But is it really the end of the story, or just the beginning of the discovery of a new multiverse, with a seemingly infinite fling prepared by an  illusive  God? Or is it really the END  where  human ingenuity has finally, arrived at the plateau of “nothingness” where it all began and where for centuries theologians have been sitting, awaiting the arrival of other seekers and proclaimer of TRUTH, the physical scientists? Together, pleased with cooperative assistance one towards the other, may both now cry out in unison, “WE TOLD YOU SO!”  Yes, each within its individual competence .
Carlos Orozco | 7/5/2012 - 5:24pm
"Is it too much to ask that our present church authorities display more understanding of the humble openness accompanying the Spirit of Truth?"

What are you talking about? How is the Vatican attacking scientific knowledge? Pure cliché.
Stanley Kopacz | 7/6/2012 - 7:59pm
I'm an engineer with a physics background.  I use physics, a little bit of this, a little bit of that.  Validation of the Higgs boson will not affect what I do a bit or anything in the everyday world.  This is not a putdown.  I'm all for knowledge for the sake of knowledge and that is what these discoveries about the sub-subbasement of physical reality are, and will remain for the forseeable future.  In the meantime, I see some things in the press that don't ring true.  They say photons have no mass.  They do have momentum so they DO have mass.  What they don't have is rest mass.  When they aren't going the speed of light, they ain't.  Conversely, electrons and protons have rest mass, when they're sitting still, and accumulate mass the faster they go, such that they never get to the speed of light.  Life is tradeoffs, I guess.  Anyway, the question everyone should ask these guys now is "will we finally get warp drive?"  The guess of this third rate physicist (not a bad thing to be) is that it'll be "yes, but it'll vaporize the solar system on the first try" .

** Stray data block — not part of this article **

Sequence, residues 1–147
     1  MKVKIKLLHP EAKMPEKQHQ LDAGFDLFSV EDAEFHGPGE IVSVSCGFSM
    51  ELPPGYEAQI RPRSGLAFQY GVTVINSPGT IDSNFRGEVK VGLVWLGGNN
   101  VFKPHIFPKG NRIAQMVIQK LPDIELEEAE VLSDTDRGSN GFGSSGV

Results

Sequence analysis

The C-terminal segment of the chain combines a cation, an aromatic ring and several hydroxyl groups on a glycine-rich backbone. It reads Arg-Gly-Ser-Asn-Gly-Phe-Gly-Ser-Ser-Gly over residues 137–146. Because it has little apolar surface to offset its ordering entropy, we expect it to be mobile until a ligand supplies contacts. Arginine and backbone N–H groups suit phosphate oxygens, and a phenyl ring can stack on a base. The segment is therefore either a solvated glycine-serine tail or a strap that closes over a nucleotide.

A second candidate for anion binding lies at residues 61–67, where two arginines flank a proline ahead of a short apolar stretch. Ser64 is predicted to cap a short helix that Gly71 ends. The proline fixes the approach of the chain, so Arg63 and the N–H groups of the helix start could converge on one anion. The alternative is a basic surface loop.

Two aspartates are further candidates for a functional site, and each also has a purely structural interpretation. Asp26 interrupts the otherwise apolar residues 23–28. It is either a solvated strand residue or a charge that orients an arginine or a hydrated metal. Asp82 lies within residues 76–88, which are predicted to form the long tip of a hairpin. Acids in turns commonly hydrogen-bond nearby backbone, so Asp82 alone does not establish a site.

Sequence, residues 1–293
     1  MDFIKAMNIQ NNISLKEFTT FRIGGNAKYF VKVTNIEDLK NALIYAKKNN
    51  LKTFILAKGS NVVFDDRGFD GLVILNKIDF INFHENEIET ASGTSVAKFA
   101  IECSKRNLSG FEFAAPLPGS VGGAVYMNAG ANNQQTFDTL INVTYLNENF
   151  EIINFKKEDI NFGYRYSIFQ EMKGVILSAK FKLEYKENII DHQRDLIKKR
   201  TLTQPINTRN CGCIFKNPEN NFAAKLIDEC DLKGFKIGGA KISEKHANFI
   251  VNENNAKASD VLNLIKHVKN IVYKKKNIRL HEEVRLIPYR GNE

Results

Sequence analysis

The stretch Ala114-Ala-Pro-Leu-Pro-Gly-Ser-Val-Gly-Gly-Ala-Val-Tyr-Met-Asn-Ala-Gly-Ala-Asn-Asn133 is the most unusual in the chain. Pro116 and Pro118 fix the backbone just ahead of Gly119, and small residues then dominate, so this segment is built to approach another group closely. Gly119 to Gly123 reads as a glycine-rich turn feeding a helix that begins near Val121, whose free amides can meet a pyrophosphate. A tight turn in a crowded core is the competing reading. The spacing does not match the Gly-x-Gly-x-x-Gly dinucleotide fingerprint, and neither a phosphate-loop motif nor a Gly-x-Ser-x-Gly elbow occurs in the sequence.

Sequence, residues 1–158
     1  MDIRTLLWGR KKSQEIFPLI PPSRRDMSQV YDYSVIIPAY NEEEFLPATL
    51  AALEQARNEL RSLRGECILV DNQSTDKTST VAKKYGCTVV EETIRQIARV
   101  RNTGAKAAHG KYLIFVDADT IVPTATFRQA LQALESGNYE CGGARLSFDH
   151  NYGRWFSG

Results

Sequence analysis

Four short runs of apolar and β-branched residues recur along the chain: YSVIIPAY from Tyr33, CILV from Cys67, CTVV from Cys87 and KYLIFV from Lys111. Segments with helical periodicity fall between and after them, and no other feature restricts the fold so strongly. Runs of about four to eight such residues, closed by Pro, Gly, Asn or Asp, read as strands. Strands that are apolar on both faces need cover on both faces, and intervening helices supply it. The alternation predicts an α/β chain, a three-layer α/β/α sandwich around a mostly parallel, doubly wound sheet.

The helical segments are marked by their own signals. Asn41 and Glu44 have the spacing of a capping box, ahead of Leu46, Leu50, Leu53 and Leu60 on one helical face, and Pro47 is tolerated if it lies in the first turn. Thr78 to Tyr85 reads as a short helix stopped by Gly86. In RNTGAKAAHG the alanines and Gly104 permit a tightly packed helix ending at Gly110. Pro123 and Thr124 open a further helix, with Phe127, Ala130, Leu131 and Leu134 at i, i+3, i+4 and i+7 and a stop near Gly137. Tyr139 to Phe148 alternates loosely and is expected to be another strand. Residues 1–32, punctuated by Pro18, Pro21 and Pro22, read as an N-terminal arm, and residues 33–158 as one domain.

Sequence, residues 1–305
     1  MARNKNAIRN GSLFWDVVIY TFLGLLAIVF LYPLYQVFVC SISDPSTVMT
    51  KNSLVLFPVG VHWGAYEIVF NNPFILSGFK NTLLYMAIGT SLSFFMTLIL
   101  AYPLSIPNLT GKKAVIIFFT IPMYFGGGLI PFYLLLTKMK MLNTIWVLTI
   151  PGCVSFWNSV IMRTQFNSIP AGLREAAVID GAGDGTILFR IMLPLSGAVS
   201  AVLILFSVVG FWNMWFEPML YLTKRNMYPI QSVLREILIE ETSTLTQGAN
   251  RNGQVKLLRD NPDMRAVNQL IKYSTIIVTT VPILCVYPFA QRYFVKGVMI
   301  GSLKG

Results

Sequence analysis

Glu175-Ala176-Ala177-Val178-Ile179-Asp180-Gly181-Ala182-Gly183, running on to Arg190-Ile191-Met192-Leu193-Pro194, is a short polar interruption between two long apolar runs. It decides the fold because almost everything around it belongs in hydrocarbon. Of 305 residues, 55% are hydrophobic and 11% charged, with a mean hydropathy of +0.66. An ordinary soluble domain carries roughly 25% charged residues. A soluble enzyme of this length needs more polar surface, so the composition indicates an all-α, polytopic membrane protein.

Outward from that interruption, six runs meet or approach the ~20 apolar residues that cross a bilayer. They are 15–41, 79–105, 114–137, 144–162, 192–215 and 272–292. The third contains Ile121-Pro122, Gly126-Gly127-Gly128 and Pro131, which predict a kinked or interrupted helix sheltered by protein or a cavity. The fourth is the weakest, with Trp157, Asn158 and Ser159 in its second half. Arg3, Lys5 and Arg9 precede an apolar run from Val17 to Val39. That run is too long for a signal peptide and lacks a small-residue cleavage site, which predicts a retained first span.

Bottom line is, would I rather have a full understanding of the Standard Theory and the Higgs boson or would I rather have all the money of Gates, Gog and Magog Koch and the Rombot?  I think what's in you is more important than what is attached to you.
David Pasinski | 7/6/2012 - 2:09pm
I'm sure many here rememvber the fascination with "The Tao of Physics" and "The Dancing Wu-Li Masters." Loved them... but then need "Pilgrim at Tinker Creek" to once again contemplate the mystery of beauty on earth as well as the cosmos...

Leslie Rabbitt | 7/6/2012 - 12:46pm
Interesting to read Genesis 1 after this discovery.  God - the Ultimate Physicist!
Kang Dole | 7/6/2012 - 12:43pm
Next thing you know, they'll be naming planets after Roman gods.
WILLIAM ATKINSON | 7/6/2012 - 12:15pm
So lets keep this going,  "God Particle";  next   Satan's black hole,   Gabriel's Flare,  Urial's dust,  The Holy Spirits Wind,   yu get my jist;   Let the force be with you.